For building capability, it is critical that the emphasis you give is more on the behavior than the outcome. Behavior is the lead indicator. A negotiator conducting themselves well secures better results more often. (Although, unusual behaviors are also sometimes very effective. This is the subject of other articles.)
The outcome is a lag indicator, and is usually as a result of the behavior. The competency of the other side massively affects your outcomes. If, for instance, I negotiate with you and I am very aggressive, and you are timid, my behavior is likely to be effective. If, on the other hand, you are as aggressive, the meeting is likely to end up in an unproductive deadlock.
So, aggressive behavior is not consistently effective. It is naive to not discuss outcomes in detail in real-life settings. In seminar or in-house simulations and exercises, the outcome should not be focused on. It can be seductive to get drawn into conversation about the outcome, but these temptations are best resisted. The result of too much outcome focus is often low appetite for risk and side-stepping responsibility.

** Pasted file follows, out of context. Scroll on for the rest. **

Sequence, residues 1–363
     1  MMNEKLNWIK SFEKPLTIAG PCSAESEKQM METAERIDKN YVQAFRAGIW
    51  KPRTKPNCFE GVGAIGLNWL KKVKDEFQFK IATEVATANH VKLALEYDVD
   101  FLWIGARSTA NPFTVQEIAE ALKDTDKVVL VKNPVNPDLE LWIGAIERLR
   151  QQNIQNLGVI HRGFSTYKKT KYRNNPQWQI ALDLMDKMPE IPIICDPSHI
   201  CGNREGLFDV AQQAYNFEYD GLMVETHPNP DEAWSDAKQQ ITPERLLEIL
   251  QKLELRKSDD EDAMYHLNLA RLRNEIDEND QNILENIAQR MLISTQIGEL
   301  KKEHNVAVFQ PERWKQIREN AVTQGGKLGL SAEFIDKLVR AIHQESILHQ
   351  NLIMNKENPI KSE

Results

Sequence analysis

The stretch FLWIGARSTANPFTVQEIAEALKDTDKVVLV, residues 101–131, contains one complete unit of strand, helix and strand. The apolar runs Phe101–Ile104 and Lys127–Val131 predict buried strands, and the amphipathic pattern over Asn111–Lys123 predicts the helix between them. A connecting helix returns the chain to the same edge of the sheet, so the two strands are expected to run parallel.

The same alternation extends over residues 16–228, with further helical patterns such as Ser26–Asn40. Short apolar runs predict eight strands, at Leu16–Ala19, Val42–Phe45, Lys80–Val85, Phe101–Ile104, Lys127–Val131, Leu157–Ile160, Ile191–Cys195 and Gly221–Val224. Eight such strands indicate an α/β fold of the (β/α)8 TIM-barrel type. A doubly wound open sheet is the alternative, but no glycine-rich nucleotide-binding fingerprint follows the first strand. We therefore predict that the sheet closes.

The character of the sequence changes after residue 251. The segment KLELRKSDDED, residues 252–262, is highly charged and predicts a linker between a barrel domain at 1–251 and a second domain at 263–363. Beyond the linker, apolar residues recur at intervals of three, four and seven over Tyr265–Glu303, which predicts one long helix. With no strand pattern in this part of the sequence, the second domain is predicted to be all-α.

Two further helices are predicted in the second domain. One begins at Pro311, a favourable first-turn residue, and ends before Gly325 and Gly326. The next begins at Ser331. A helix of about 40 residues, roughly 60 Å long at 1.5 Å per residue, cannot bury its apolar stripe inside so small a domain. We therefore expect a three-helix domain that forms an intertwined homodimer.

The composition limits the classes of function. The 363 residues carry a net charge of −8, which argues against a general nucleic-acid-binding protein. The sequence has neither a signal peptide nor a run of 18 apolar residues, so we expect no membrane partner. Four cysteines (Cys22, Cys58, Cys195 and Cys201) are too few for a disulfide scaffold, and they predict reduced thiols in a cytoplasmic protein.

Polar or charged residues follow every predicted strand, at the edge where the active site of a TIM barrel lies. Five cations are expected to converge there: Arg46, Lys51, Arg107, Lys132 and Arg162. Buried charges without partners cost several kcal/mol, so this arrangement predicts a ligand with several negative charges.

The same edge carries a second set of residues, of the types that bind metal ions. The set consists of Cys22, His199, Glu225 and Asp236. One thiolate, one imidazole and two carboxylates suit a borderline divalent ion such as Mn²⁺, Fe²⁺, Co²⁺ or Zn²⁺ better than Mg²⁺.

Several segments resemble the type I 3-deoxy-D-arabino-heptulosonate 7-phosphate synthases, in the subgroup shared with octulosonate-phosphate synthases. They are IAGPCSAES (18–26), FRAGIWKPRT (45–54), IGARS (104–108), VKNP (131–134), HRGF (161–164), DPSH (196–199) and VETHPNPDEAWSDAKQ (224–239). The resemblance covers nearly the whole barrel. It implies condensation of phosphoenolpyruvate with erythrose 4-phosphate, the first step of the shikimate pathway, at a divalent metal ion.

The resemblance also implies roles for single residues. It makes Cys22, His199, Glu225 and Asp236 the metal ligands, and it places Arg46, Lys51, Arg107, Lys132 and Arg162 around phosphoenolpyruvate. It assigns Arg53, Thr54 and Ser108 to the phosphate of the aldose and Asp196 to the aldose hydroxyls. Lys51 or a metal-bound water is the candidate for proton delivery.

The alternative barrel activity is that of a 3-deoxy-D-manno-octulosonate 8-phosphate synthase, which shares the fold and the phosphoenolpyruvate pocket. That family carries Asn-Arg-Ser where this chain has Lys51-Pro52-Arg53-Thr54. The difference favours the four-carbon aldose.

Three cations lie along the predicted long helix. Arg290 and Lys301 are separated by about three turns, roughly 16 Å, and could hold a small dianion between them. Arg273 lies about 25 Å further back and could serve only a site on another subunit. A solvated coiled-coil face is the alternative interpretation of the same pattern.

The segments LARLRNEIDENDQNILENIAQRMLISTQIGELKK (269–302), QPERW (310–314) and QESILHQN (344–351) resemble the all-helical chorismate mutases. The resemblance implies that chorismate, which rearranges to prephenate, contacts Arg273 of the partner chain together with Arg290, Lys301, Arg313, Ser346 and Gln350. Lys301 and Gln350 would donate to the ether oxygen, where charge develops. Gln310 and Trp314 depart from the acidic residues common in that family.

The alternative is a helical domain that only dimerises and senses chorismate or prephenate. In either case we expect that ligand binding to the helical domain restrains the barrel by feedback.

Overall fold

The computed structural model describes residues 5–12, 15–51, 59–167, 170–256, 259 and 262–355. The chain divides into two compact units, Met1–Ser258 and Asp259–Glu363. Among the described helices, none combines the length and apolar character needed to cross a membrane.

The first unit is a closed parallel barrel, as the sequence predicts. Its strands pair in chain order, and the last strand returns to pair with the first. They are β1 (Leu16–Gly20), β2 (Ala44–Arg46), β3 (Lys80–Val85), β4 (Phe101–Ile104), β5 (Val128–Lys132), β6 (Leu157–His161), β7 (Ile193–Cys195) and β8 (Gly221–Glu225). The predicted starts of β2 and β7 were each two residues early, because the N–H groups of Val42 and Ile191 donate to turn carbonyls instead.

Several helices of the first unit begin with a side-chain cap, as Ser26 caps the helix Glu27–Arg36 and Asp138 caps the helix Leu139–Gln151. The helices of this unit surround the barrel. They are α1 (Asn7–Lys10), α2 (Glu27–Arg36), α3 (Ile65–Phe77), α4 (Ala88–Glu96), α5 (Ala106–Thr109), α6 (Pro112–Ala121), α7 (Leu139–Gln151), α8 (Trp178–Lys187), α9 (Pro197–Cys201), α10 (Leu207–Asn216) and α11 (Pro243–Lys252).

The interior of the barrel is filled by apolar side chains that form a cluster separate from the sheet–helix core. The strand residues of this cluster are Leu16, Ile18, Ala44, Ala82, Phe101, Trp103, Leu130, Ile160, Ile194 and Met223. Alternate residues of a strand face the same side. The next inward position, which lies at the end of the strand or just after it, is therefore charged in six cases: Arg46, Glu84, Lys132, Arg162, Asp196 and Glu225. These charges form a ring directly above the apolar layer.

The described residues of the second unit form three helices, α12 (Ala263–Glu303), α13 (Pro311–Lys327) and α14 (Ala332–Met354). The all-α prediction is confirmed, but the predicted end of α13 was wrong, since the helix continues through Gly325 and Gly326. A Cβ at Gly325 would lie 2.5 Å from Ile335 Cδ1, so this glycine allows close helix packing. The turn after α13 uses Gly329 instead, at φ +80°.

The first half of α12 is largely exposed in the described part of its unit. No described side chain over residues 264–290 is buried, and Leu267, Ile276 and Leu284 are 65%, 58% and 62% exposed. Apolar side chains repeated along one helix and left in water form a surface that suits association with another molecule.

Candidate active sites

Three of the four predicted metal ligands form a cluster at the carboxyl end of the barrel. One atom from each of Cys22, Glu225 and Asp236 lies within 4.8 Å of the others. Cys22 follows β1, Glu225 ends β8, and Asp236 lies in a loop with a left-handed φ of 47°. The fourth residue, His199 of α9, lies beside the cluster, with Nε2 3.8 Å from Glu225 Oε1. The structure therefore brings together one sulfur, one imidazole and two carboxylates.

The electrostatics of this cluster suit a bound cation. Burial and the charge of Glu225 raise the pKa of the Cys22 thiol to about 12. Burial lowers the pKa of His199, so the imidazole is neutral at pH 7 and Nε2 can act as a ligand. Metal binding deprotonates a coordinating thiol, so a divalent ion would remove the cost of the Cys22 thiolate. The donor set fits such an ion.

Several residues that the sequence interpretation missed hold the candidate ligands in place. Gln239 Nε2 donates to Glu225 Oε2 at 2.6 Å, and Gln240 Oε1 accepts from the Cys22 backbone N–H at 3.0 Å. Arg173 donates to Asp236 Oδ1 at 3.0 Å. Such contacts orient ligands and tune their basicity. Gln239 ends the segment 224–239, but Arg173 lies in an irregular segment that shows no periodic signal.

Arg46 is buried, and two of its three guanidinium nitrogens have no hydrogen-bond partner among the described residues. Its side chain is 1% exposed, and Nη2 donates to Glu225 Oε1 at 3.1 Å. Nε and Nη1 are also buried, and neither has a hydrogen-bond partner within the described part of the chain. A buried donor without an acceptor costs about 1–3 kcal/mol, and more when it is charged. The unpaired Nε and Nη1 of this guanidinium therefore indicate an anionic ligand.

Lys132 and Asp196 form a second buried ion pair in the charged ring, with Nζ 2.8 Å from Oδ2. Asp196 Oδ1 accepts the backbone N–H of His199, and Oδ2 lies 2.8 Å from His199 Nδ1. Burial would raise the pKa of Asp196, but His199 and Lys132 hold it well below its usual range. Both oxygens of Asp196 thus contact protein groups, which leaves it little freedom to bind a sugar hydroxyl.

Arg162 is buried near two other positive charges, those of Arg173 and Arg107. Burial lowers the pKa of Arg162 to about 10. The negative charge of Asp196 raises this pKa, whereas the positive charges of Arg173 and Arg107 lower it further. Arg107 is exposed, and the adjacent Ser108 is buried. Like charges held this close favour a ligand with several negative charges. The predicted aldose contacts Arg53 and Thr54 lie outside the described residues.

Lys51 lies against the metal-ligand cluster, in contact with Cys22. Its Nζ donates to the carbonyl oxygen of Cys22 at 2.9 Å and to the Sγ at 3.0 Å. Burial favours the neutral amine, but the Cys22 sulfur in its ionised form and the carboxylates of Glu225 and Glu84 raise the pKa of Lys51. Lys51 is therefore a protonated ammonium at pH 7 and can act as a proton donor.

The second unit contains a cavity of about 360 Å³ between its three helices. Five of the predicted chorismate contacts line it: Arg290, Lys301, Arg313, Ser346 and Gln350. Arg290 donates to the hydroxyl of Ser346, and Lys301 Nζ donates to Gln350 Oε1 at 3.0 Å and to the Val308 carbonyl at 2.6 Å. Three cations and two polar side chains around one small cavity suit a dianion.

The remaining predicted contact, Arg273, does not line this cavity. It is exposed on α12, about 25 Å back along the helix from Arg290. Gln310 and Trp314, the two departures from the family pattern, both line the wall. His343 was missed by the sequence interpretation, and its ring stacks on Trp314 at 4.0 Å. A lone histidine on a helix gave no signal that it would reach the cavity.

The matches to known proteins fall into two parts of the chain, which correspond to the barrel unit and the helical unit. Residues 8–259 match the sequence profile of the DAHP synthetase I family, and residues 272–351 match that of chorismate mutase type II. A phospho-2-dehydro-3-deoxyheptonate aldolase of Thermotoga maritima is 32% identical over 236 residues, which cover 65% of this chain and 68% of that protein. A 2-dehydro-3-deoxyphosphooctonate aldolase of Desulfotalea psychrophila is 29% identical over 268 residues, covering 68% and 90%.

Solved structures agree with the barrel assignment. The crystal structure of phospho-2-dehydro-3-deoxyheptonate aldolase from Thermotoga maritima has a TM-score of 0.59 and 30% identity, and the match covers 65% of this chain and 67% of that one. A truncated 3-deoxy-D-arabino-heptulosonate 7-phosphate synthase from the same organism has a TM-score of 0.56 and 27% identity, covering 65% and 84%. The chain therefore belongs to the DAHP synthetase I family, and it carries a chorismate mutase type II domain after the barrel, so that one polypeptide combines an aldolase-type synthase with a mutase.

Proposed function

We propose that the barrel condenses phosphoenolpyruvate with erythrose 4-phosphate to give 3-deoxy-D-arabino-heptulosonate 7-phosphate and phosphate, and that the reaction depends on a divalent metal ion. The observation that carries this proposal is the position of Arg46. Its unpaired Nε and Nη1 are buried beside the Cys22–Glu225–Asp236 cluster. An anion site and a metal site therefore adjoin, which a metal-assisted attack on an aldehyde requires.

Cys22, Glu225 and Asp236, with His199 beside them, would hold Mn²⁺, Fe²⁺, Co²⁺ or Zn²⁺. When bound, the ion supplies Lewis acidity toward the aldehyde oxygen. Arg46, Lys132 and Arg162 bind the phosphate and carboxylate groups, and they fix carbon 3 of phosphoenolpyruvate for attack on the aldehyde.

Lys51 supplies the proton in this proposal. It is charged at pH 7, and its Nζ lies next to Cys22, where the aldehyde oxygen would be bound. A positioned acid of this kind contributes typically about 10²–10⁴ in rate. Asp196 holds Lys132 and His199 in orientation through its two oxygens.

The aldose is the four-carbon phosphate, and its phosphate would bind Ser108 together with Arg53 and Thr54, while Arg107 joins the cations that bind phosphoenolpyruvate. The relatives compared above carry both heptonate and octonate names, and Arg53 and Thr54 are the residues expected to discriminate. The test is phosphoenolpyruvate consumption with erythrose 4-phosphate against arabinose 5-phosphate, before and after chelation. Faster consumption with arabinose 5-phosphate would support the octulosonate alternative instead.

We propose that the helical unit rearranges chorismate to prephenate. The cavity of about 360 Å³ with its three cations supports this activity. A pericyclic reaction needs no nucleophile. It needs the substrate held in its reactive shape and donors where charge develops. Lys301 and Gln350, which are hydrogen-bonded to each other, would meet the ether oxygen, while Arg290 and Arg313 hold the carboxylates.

Taking a step out of the behaviors can be useful to observe whether your:
Processes were profitably followed.
Toolsets were used effectively.
Strategies were adhered to.
Tactics were effectively employed.
This, of course, requires that your team prepare effectively, else you won’t have a yardstick against which to compare your performance.
Team negotiations are more often reviewed internally as compared with individual or one-on-one negotiations. Having a colleague offer advice can be invaluable. Some clients bring a senior executive into meetings and wisely have the senior take a backseat role. Why? The senior executive’s sole purpose is to train the negotiator/s afterwards.
If you’re negotiating on your own, some aspects of feedback are not possible. We strongly urge you to have the discipline to review your own negotiations as a matter of good habit. It’s no mistake that star athletes regularly review their own performance and set themselves goals. When successful enough, star athletes enjoy coaches’ sage feedback. So, who do you think would be your best negotiation coaches?